11. The spectrality of pixadores is about an outside that we perceive dimly from the inside, and with mixed feelings. But this outside is an emancipation as precarious, partial, and changeable as any other today. Like the pixadores’, but at the same time quite singular, the emancipation of members of the new Brazilian middle class, or of the jobless and the marginalized, is a construction built during a storm. We can all, at any time, pass from spectra to heroes (and, albeit it with more difficulty, from heroes to spectra). Our lack of refuge is simultaneously the place of our power and of our impotence.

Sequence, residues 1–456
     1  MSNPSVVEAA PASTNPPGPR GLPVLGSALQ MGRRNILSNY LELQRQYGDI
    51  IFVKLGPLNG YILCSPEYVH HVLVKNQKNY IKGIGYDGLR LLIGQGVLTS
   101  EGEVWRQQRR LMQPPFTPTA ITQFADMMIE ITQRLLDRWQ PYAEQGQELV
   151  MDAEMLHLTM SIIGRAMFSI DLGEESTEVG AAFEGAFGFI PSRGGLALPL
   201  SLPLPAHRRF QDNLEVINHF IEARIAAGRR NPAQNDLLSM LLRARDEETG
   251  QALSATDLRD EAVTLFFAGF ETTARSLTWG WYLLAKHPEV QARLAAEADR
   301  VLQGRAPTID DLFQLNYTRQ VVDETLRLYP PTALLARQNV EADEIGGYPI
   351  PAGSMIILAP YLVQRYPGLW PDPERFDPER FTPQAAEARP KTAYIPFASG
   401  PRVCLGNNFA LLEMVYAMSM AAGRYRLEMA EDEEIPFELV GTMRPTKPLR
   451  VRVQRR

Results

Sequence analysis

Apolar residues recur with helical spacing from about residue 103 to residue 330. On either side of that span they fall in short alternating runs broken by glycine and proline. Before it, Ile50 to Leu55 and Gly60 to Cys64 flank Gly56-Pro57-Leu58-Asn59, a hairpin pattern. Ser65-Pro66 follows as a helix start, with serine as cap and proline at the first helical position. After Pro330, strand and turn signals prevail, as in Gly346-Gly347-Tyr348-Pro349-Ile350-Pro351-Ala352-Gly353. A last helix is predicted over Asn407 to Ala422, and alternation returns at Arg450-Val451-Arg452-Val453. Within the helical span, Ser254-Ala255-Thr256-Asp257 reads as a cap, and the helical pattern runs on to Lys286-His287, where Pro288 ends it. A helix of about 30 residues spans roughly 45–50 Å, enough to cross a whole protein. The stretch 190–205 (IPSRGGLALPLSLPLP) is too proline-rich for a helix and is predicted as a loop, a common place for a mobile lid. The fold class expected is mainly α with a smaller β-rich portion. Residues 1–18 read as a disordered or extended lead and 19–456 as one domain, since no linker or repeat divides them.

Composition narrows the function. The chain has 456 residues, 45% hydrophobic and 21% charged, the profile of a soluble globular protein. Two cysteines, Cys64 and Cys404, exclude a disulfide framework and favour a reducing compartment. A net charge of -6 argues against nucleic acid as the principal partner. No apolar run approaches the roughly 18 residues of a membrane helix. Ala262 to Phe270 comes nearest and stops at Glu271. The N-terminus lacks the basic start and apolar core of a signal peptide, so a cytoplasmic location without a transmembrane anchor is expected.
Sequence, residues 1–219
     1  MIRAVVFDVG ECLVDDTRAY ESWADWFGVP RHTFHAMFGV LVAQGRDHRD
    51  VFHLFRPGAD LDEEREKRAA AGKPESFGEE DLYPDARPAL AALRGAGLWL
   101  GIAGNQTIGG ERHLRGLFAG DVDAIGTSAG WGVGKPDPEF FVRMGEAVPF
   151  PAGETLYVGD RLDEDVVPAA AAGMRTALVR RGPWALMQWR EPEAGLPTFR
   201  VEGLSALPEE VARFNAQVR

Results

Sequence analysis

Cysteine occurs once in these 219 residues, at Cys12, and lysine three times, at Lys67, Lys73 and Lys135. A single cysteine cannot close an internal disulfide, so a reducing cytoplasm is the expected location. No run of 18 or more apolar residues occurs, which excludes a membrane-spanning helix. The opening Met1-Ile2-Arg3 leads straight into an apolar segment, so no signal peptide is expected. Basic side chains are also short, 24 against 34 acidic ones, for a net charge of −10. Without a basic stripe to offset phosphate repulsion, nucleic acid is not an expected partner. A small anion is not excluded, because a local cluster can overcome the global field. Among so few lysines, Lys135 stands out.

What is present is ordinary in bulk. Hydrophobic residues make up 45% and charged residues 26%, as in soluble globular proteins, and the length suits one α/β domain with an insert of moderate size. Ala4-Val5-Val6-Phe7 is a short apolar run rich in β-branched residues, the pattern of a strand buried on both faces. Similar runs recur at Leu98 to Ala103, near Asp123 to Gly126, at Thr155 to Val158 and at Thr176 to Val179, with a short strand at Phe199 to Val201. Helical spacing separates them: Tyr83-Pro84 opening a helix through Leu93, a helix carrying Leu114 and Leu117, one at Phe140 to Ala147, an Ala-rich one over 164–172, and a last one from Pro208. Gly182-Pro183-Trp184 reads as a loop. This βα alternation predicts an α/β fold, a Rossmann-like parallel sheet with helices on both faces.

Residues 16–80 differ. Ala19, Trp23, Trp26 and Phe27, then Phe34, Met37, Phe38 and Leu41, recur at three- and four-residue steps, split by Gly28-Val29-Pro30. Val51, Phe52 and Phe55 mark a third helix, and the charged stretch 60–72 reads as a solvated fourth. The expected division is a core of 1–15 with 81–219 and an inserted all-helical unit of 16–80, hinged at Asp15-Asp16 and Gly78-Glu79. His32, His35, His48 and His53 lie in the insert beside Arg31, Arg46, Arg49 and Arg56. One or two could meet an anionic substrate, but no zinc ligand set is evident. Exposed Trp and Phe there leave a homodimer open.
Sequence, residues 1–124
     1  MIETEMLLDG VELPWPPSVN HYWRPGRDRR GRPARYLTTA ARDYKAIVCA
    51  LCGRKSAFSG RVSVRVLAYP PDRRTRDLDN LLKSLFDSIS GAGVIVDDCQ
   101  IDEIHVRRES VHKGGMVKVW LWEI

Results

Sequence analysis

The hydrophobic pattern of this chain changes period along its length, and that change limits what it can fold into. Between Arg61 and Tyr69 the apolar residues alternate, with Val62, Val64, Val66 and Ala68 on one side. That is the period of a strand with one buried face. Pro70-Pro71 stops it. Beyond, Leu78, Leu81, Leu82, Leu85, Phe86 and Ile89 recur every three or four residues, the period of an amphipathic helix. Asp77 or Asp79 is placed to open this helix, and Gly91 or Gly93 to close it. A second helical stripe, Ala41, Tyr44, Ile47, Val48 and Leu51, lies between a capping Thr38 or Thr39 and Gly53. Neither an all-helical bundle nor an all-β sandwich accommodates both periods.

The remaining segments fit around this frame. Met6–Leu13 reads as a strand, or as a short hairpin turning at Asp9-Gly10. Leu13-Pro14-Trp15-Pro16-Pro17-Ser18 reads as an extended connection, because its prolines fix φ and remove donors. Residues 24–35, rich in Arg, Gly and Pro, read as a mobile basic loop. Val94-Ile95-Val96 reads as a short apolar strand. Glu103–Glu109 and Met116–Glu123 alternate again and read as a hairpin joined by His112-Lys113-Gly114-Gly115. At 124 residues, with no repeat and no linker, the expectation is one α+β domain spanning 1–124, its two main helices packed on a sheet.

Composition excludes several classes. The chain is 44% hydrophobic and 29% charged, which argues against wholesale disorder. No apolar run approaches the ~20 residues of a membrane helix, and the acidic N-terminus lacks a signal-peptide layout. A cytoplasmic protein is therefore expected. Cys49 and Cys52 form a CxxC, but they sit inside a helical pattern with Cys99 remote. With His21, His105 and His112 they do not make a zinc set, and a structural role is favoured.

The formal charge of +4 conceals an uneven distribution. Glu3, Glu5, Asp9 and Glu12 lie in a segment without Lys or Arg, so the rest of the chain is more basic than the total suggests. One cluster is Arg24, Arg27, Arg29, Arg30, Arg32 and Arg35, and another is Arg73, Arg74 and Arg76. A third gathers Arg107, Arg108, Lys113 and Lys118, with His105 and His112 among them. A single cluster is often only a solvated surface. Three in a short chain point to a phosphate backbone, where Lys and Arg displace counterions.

But the pixadores are also those who do not resort to the topoi koinoi. They introduce a private writing into the streets, which then becomes immediately public due to its blatant muteness. By avoiding the topoi koinoi, they show the impossibility of entering into discourse with Brazilians, becoming targets of an internal xenophobia. While mute, this writing speaks by pointing out the way in which the common is stolen. It does not speak for itself, but rather through graphics, producing an unexpected semantic displacement. The illegible aspect of the tagging has nothing to do with what cannot be communicated, but rather with what is purposely not transmitted. By experiencing being left out of the conversation, the public reader notices that something is being addressed to him or her. In this interruption of communication, the use of public walls as a support deepens the seriousness of the message, establishing the opposition between the legality of property and the illegality of the accusation.